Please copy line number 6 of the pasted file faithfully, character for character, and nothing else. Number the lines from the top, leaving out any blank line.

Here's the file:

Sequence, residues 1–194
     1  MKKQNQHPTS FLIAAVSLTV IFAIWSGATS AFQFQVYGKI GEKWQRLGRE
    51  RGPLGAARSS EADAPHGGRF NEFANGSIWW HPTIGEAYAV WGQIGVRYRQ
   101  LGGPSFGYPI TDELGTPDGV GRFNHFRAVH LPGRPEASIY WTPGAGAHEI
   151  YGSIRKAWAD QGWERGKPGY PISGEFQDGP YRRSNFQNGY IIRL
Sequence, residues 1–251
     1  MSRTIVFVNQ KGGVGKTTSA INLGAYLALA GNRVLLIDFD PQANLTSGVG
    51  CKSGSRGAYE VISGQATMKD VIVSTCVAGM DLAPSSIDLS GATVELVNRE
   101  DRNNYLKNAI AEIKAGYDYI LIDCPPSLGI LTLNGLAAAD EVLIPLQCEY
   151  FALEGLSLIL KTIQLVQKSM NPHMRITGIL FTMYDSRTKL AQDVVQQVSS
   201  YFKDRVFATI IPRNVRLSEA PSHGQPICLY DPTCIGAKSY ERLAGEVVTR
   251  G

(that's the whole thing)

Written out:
Sequence, residues 1–251